By 1898, the area was incorporated into the Greater City of New York, which included Queens. Far Rockaway, Hammels, and Arverne, all of Queens, tried to secede from the city several times. In 1915 and 1917, a bill approving the secession passed in the legislature but was vetoed by the New York City mayor John Purroy Mitchel.[8]

The Far Rockaway Beach Bungalow Historic District recognizes an area with a distinct character. This and individual properties, such as the Russell Sage Memorial Church, Trinity Chapel, and United States Post Office are listed on the National Register of Historic Places.[9]


Looking east from Beach 48th Street at location of former bungalows cleared for a development project

With its nearby beach, Far Rockaway attracted tourists and vacationers from the other boroughs. Bungalows were the homes of choice for many residents who lived in Far Rockaway. The railroad abandoned the Rockaway Beach Branch in 1950 because of the shift of many people to driving private cars. In addition, this destination had to compete with the many others that people were visiting by car and air travel, which created access to even more distant destinations and heightened competition for travel dollars.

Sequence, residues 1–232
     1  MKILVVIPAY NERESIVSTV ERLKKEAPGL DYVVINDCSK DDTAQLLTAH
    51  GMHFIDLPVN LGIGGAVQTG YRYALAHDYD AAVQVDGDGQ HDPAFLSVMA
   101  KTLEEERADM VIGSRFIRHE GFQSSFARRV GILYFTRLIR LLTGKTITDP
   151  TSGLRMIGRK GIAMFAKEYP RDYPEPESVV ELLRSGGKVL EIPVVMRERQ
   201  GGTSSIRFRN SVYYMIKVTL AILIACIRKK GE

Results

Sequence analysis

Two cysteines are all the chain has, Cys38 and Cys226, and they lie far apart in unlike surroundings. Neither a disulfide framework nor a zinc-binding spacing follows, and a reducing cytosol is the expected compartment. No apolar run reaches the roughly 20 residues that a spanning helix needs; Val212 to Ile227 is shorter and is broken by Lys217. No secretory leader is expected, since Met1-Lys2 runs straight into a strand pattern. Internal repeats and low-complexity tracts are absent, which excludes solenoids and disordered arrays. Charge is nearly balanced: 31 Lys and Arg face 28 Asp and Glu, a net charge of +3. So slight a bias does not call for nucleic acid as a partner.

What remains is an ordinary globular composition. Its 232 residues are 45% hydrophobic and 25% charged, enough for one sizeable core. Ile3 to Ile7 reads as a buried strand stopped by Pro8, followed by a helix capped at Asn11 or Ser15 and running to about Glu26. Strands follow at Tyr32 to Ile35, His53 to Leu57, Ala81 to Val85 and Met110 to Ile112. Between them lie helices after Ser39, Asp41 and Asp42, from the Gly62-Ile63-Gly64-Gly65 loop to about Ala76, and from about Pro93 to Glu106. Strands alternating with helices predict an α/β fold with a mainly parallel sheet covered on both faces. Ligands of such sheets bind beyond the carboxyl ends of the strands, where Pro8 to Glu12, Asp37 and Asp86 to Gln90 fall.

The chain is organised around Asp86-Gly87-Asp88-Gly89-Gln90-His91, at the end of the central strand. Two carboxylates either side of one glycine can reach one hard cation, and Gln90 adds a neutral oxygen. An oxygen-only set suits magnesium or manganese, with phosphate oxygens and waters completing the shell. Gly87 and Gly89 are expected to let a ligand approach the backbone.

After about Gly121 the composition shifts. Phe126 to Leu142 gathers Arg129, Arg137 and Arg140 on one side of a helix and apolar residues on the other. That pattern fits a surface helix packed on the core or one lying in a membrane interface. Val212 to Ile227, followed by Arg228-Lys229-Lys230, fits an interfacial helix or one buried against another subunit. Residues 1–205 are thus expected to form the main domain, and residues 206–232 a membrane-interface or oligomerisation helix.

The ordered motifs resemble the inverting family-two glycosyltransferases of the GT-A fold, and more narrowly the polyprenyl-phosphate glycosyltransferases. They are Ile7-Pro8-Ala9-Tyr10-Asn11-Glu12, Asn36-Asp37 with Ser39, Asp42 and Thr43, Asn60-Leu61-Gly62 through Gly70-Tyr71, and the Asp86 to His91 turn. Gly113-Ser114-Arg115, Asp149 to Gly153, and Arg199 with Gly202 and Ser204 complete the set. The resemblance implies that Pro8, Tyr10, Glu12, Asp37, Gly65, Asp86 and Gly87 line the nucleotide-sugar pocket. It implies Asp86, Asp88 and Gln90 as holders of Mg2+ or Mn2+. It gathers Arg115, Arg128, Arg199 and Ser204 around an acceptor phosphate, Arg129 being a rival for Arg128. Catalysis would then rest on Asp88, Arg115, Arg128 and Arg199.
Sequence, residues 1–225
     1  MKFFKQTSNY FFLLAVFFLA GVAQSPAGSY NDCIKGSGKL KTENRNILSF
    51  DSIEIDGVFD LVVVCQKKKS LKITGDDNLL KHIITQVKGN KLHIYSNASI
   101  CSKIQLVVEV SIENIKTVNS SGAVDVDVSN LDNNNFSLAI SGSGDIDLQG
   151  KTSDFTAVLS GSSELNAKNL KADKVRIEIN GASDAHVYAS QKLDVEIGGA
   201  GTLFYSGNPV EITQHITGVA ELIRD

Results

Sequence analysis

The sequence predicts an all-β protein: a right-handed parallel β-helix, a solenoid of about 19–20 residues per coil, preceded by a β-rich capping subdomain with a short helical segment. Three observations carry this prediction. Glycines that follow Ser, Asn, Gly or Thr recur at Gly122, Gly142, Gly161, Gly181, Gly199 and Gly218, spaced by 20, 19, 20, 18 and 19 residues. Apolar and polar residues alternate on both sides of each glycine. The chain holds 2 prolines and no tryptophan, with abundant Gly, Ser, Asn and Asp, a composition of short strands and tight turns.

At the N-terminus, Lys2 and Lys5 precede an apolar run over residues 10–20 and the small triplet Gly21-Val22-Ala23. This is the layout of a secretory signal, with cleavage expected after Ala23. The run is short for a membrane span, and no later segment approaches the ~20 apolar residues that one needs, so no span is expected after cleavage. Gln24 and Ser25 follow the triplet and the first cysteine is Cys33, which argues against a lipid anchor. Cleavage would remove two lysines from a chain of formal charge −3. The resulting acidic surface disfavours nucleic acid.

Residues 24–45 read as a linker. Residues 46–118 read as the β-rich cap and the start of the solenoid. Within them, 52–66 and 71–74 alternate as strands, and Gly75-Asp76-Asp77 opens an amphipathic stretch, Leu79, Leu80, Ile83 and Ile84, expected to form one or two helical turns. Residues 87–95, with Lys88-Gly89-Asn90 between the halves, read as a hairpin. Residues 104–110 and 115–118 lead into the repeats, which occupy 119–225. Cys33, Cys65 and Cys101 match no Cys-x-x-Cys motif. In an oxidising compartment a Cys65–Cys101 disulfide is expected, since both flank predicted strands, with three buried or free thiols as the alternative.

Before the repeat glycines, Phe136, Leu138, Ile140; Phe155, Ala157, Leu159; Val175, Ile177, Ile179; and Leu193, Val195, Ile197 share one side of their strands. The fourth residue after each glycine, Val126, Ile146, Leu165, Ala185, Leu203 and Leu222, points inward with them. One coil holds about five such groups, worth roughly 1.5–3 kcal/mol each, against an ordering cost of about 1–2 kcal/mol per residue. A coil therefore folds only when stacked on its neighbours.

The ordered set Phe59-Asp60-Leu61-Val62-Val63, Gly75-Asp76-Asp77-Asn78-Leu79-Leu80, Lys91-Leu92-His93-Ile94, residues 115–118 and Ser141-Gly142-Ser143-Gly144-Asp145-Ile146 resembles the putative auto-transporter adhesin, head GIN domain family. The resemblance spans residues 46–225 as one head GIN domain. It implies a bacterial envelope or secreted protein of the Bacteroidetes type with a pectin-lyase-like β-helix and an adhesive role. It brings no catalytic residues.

As the neighborhood's heyday as a resort community declined in the 1950s, the city built substantial numbers of public housing developments to try to replace substandard housing after World War II. Bungalows and other residential housing were converted to year-round use for low-income residents. Some bungalows were used as public housing.[10][11] The 1970s New York City budget crisis resulted in a negative effect on the provision of social services, and problems of poverty, unemployment and drug use increased in this area.[12]

In September 1984, residents founded the Beachside Bungalow Preservation Association to "improve the quality of the Far Rockaway community through preservation, education, and cultural programs." "[13] The organization donated a collection of materials highlighting its history, correspondence, and activities to the Queens Library Archives in 2008.


The IND Rockaway Line subway viaduct on a background of Far Rockaway residential buildings
Another view of IND Rockaway Line viaduct